The discovery of rich deposits of diamonds in Yakutia in 1954 was an event of global importance. While our country could not provide itself with this military strategic raw material on an industrial scale, the purchase of diamonds abroad was the subject of political intrigues and pressure.
This landmark discovery has changed the global balance of power, giving impetus to scientific and technological progress. This discovery played a significant role in the fact that our country became a leader in the space industry and allowed Gagarin to become the first cosmonaut on the planet.
Search for diamonds. How it all began
Diamonds began to be sought in the Soviet Union in the mid-1930s, although the first surveys were conducted as early as the 19th century. But there was no scientific search methodology, there was no understanding of how to search for a primary diamond deposit.
With the beginning of the Cold War and the refusal of Great Britain in the supply of diamonds, the problem became acute, it was already a matter of state security. Geological groups were sent to all parts of the country to search for deposits in the utmost secrecy.
In Yakutia, the Amakinskaya Expedition was engaged in the search for diamonds, which received quite a large amount of funding, including airplanes. In the village of Nyurba, a geological base was built with all the necessary laboratory equipment, but years of exploration did not lead to significant results.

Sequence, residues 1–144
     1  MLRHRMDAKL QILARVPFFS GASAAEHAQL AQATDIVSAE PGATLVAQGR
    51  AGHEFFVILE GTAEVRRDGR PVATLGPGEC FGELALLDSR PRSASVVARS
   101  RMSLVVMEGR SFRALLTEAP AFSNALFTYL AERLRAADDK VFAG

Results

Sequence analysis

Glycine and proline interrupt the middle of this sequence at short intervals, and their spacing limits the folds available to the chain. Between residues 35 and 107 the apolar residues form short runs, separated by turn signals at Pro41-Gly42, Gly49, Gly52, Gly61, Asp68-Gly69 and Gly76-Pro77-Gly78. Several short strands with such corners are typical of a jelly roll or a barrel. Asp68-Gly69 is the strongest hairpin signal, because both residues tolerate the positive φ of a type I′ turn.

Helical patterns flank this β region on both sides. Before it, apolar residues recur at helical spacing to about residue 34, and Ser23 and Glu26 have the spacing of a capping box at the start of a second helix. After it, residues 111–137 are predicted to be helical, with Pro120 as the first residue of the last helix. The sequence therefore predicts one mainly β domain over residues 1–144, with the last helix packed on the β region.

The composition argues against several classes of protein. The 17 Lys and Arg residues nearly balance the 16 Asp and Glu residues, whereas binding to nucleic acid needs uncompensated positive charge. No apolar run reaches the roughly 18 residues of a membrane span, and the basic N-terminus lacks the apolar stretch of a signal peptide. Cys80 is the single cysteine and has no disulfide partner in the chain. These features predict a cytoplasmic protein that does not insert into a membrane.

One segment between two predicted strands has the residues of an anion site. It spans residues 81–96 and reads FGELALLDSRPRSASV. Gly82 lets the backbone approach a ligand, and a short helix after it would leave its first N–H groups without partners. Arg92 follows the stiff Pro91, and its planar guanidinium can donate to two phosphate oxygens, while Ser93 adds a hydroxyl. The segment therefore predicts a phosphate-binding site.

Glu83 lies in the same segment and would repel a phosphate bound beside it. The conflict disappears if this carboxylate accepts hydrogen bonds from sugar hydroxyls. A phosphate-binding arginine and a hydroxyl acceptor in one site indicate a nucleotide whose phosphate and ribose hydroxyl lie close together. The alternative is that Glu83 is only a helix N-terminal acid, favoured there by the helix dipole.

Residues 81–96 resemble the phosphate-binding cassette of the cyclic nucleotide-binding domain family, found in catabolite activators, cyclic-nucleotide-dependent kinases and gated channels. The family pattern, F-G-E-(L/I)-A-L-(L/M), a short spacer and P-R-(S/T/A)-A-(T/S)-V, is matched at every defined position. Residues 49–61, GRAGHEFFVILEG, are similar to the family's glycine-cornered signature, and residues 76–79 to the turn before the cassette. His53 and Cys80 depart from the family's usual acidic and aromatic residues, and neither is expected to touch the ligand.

In the 1930s, the state had to spend millions of rubles annually buying diamonds abroad. About 50 kilograms of industrial grade diamonds were purchased every year, but this was, at best, enough for 50% of the industry’s needs. Then diamonds were mined mainly in Brazil and the British colonies of South Africa. The diamond market at all times was too narrow and specific, even with the availability of funds it was not always possible to purchase the right amount of precious crystals. The purchase of large lots of diamonds was a real sting operation - the USSR used a front company in Portugal for these purposes. But in 1939, with the beginning of the Second World War, British intelligence closed this loophole.
In 1942−45, the Soviet Union, taking advantage of the military alliance with the British Empire, has purchased almost 6 tons of diamonds from the UK that somehow provided the Soviet industry with industrial diamonds during the Great Patriotic War. For comparison, the US industry in the same years purchased exactly 20 times more diamonds.
With the onset of the Cold War, the situation has again deteriorated. The United States imposed an embargo on the supply of industrial diamonds for the USSR. Industrial diamonds had to be purchased illegally at black-market prices through a chain of middlemen in Belgian Congo.
Sarsadskikh and Popugaeva
At the Leningrad Scientific Research Institute, Natalia Sarsadskikh’s group, together with her husband Aleksandr Kukharenko, came very close to the African method of searching for diamond deposits by pyrope, bright red stones, inseparable satellites of diamonds.